As a child, Molly Walsh told children of her school, excited, in a small community in Ireland, that in her house they ate organic chicken for Christmas. The information that was a source of pride for her, turned into bullying for all her school life. But this is Molly’s root: daughter of a mother that was an activist in the labor union of merchants, and an ambientalist architect father, who spend his life in rural villages to the north of Ireland, and was involved with projects in water and energy. Today she follows the path of her parents: “They are no longer alive, and I wish I could tell them what I do now”.
Molly has a degree in Environmental Biology. It was at the University that she realized that something was happening on the planet. And this “something” was called Climate Change. “I was frustrated how classes didn’t approach the political aspects. They showed Climate Change as a natural phenomenon only. But then I had a class on fossil fuels and realized that this should be the beginning of all disciplines, not the end”.
Touched by the theme, Molly plunged in it and joined the campaign “Shell to Sea”, denouncing the impacts of a gas refinery that Shell company manages in a natural area in Ireland. “It was there I found my sense of belonging. When you come from a small community and have these ideas, you are a stranger. In the climate movement I found myself”.
Further, Molly started an internship in the office of the international NGO “Friends of the Earth”, an organization in which she operates until now. For three years Molly lives in Brussels, Belgium, where she works on a project called “Energy Democracy” working with partners across Europe seeking to change the energy system of the region. “We want to see a democratic transition of energy, that is why we seek solutions to end the use of petroleum and fracking, for example”.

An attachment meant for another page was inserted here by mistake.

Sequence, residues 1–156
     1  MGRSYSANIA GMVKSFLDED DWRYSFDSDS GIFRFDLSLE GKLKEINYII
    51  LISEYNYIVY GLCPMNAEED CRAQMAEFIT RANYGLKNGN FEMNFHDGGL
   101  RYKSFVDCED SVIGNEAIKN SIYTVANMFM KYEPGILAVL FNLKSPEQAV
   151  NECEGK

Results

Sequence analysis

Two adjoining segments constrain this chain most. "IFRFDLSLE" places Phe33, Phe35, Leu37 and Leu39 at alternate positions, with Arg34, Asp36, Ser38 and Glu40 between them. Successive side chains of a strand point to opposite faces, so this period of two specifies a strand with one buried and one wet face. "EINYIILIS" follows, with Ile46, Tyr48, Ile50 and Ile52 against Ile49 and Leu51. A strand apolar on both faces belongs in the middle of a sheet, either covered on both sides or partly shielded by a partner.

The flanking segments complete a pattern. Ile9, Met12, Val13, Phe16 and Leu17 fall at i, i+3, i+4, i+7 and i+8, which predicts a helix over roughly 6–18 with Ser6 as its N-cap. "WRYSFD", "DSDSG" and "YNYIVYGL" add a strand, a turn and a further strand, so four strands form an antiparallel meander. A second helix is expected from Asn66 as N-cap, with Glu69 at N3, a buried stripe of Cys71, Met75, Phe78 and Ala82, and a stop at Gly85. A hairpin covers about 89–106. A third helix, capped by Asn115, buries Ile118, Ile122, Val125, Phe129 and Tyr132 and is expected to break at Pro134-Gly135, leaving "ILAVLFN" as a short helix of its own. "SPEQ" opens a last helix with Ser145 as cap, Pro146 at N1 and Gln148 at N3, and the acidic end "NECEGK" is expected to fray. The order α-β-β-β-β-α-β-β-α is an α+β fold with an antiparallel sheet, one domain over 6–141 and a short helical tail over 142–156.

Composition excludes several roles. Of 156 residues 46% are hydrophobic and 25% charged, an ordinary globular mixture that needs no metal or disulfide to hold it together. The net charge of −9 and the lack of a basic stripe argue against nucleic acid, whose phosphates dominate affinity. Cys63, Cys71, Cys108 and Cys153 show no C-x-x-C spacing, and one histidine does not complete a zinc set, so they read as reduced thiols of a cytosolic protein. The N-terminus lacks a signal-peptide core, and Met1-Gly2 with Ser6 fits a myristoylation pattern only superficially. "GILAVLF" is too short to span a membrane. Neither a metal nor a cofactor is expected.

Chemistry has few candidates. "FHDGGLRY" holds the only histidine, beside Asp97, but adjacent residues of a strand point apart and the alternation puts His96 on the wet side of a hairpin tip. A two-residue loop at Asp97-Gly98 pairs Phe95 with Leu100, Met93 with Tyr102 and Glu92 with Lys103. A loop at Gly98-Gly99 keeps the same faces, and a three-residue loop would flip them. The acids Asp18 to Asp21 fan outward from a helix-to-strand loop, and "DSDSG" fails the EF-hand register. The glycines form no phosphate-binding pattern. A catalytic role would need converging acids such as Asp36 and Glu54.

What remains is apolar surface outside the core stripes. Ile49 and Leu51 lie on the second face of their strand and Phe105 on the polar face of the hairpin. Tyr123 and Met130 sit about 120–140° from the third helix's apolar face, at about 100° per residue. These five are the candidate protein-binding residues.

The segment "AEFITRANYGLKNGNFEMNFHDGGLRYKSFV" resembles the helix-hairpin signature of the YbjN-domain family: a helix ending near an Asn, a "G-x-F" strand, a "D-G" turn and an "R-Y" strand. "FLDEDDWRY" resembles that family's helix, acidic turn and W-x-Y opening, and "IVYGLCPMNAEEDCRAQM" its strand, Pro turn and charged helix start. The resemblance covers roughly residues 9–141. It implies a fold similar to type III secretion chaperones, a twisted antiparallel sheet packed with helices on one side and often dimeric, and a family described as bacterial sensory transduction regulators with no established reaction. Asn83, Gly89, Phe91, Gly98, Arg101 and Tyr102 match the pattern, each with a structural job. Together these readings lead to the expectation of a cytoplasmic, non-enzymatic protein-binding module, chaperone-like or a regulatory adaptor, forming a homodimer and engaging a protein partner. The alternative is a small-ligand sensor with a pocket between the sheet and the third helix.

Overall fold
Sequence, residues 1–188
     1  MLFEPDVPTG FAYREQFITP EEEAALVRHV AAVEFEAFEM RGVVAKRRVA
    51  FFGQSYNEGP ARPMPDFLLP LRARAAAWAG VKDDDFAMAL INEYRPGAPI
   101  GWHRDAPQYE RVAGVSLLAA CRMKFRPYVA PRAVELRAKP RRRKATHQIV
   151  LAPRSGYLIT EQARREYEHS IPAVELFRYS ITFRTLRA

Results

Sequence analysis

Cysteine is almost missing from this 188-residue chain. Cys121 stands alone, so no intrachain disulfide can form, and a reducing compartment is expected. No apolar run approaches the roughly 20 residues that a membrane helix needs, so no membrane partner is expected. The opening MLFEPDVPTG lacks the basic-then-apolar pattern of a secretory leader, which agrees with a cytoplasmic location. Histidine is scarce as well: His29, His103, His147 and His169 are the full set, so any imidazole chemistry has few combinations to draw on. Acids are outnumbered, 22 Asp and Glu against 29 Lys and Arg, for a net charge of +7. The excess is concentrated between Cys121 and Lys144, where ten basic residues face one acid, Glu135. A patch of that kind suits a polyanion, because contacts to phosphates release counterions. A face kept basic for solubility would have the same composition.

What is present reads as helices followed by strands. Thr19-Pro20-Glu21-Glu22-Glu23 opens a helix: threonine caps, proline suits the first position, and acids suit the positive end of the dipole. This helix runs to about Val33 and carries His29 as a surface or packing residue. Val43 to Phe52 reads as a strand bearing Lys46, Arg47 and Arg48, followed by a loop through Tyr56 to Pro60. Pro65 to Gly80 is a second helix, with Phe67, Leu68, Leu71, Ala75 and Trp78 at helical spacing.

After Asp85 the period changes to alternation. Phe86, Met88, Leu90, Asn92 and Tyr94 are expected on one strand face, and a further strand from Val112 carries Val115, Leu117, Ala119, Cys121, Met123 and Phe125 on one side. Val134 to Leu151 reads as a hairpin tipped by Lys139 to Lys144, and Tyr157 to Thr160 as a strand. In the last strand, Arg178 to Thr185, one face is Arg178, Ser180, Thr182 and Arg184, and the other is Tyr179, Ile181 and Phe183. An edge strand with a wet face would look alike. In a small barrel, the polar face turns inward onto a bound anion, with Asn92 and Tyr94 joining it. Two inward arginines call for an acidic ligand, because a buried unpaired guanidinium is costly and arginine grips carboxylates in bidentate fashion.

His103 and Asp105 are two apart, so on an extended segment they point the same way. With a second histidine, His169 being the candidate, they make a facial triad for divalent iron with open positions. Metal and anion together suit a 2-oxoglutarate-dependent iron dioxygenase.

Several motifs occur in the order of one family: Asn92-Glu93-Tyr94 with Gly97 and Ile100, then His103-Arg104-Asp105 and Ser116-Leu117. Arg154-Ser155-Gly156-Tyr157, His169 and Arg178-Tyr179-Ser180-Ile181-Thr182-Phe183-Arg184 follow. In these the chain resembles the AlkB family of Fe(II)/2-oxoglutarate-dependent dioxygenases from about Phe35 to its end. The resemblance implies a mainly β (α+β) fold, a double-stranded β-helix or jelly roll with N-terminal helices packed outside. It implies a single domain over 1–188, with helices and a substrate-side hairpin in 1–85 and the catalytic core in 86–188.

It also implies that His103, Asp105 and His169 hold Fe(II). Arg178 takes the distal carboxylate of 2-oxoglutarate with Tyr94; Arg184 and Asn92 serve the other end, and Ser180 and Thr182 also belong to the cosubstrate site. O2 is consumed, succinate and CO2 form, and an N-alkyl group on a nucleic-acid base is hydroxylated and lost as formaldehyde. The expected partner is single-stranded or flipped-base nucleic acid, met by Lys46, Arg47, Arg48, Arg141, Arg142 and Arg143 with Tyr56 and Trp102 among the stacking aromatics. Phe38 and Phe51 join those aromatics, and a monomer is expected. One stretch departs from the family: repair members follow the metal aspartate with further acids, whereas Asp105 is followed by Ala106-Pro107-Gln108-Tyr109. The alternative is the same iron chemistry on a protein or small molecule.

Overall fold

Molly travels a lot for work, and talks to people from different places, cultures and knowledge. However she isn’t content with just this. For almost a decade in Friends of the Earth, she just helped creating an informal feminist space at the office. Despite working with people who want to change the world, Molly ensures that it is difficult to be a woman even in this context. “Sometimes men propose the same thing as you at a meeting, sometimes they come with the sentence ‘she is so young’”. “Energy is a field where is not common to see women working on. It is very technical and women end up behind the scenes”. What Molly wants to see is more women involved in these projects. For this she wants to make her coworkers great allies.
“Even in the environmental movement we have to fight against patriarchy”. But Molly celebrates that this action also served to strengthen and bring together the women in her workplace. “We created a care space, a space where we have the right to be angry, but also the right to laugh. And this is my world. A world of care, love and anger”.